10 ways to divorce-proof your assets and protect your wealth

BMO Private Wealth - Jan 09, 2024
No one gets married with the expectation of one day filing for divorce, but it happens to somewhere between 38% and 48% of Canadian marriages.
Woman looking out her kitchen window into the sun

No one gets married with the expectation of one day filing for divorce, but it happens to somewhere between 38% and 48% of Canadian marriages. Whether you’re the primary breadwinner in a double-income household or you rely on your spouse’s income, studies show that it is a woman’s income that is generally reduced by a wider margin than her husband’s – in a traditional marriage – when their marriage dissolves1.

Unfortunately, high-achieving couples may also face more complexities in the divorce process owing to the large number of assets, shared business ownership, investments and more. That’s why it’s important to prepare for the worst while hoping for the best.

1.  Consider a prenup (or a postnup):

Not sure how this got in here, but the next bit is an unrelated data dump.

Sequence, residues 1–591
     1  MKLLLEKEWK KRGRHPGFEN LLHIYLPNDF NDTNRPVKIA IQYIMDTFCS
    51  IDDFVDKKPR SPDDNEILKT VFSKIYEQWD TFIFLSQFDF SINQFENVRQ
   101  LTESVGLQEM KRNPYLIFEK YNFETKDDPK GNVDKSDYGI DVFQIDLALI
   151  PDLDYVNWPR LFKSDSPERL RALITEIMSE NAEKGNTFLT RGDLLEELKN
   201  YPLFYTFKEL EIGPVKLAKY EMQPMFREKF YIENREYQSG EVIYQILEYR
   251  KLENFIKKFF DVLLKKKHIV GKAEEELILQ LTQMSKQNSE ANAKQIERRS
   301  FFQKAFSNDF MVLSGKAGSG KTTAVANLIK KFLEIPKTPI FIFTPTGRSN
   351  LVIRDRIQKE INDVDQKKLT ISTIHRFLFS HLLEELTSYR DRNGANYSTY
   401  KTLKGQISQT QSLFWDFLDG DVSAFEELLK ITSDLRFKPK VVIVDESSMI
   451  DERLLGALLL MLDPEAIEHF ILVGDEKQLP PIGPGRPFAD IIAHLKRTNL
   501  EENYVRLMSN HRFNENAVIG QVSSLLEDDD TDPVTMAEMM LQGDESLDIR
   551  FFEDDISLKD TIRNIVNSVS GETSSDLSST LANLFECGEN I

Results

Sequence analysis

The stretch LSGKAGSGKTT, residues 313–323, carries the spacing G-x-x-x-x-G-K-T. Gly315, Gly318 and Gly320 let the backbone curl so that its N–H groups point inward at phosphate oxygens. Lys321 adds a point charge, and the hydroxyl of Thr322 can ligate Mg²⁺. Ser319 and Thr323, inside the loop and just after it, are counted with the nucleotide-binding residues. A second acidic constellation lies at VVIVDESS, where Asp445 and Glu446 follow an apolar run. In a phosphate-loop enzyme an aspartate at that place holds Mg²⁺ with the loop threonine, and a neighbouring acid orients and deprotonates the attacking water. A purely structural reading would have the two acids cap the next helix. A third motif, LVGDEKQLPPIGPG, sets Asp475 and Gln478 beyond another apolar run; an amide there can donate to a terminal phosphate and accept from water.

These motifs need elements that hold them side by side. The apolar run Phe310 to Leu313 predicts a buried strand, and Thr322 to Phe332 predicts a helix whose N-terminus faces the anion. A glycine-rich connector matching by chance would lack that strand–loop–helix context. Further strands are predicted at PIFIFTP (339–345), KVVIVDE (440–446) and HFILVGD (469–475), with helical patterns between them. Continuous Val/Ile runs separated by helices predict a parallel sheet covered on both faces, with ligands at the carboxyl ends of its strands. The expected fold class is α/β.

While divorce settlements typically divide assets acquired during a marriage (with some exceptions), a signed contract can help you keep what’s yours. A prenup – or postnup, which is created after two people are already married – can stipulate, for instance, how you plan to share earnings, bonuses and share options, or who will keep possession of the ski chalet in Whistler. These agreements are especially important if you’re an entrepreneur – you don’t want someone else to wind up with half of the business you’ve worked so hard to build. Couching the prenup talk in terms of protecting the company and its employees may make any conversations less awkward. As for postnups, they can be signed even after years of marriage, but if you’re planning to raise the idea, be sure to choose the right moment. Find a time when you’re both relaxed and aligned rather than in the middle of a heated argument. Make sure postnups are signed after having had independent legal advice, otherwise the documents you’ve worked hard to draft will not be worth the paper they’re written on.

2. Document gifts and inheritances.